With terms like “disaster” and “catastrophe” being thrown around the Gulf of Mexico these days, it’s pretty difficult to ignore the severity of BP’s public image collapse as millions of gallons of oil continue to pollute the ocean and devastate state economies. Thankfully, we have professional sports such as baseball to distract us from this environmental chaos. That is, until the Cubs and White Sox debut the Crosstown Cup today as Major League Baseball’s first official intercity trophy… because it’s sponsored by BP.
Both franchises and the troubled oil company signed the deal on April 26, less than one week after the explosion on the Deepwater Horizon oil rig. BP, however, has scaled back the celebratory nature of today’s inaugural game in the six-game series between the North and South side rivals. The trophy will be displayed prior to first pitch today, but other than that there will be little flair. In fact, it will be much like the game itself.
Walk on eggshells, Chicago Sun-Times:
“We’re trying to stand behind our sponsor, but at the same time be respectful of what’s happening off the ballfield,” Cubs spokesman Kevin Saghy said. A BP spokesman did not return a call seeking comment, but representatives from both the Cubs and Sox said it was their understanding that BP’s planned promotion of the newly minted cup — a three-foot trophy of brass with a sterling silver overlay that took local jeweler Howard Kaplan three months to create — has been scaled way back in the wake of the oil rig explosion.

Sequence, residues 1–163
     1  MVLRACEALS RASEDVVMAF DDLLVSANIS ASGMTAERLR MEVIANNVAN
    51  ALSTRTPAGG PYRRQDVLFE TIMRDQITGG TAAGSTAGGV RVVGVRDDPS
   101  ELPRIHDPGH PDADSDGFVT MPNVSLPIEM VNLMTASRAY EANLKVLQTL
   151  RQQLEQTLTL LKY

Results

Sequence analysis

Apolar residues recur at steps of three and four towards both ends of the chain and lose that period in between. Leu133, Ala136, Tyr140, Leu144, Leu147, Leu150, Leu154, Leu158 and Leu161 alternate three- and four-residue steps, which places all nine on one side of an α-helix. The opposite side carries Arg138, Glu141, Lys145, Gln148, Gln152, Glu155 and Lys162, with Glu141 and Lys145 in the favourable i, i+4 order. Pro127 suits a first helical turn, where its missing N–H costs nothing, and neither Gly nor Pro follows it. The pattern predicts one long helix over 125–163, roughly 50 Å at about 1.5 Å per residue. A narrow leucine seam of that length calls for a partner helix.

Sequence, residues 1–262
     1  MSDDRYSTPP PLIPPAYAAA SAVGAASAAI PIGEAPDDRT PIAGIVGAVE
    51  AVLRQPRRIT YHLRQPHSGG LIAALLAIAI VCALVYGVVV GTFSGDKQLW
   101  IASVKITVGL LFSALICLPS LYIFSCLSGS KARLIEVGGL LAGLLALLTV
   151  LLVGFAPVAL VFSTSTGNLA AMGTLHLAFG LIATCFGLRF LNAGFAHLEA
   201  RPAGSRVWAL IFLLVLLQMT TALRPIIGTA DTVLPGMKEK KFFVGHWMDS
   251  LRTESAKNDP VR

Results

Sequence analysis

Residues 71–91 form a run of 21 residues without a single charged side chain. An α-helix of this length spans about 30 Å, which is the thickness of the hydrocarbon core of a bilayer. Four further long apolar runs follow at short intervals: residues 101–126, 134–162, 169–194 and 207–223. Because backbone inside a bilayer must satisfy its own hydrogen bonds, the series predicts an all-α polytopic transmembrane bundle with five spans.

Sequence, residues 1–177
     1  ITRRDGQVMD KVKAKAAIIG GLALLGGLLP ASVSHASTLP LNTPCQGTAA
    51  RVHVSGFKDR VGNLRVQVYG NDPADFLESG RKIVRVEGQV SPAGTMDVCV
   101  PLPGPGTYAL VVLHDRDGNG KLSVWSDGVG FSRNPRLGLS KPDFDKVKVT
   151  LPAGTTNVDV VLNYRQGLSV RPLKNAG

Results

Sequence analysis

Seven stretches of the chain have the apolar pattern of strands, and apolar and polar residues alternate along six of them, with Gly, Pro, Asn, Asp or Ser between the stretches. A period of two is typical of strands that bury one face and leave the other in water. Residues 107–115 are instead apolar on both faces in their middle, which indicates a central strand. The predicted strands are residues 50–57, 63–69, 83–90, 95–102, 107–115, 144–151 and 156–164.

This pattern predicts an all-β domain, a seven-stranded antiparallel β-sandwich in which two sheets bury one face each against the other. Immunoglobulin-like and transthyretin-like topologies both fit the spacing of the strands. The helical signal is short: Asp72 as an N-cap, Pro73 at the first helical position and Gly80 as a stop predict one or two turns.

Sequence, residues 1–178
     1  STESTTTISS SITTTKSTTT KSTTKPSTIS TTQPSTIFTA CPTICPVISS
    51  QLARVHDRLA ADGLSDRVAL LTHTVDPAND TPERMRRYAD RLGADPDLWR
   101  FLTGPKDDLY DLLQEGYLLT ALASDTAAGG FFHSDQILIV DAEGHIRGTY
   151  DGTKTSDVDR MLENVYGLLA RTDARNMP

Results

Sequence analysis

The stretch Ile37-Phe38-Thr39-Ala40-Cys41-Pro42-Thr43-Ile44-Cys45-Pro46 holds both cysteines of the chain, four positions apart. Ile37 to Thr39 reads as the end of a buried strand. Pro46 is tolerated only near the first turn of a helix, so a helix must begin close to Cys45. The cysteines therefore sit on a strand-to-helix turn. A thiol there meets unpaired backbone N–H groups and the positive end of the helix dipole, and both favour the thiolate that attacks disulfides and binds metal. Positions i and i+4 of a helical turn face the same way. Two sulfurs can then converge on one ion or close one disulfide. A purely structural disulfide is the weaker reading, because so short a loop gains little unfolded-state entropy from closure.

Fans have been sounding off on their discontent with the involvement of BP in this normally pleasant time for both teams, according to WGN TV in Chicago. “We switched to Shell when we saw the glimpses of those animals,” said White Sox fan Brian Juarez, adding, “Leave Chicago alone BP, plug your hole and leave Chicago alone.” Coincidentally, that marks the first time a White Sox fan has said “plug your hole” about something other than Ozzie Guillen.
Marketing representatives claim that BP would do greater damage to its image by bailing on the event completely, and that the company can actually use its presence in professional sports to boost its image once it has managed to stop the leak in the Gulf. In the meantime, BP continues to ignore Cubs GM Jim Hendry’s offer to use Aramis Ramirez’s contract to plug the broken pipe.
UPDATE: Now with a fun video to distract us from the pain of environmental demise.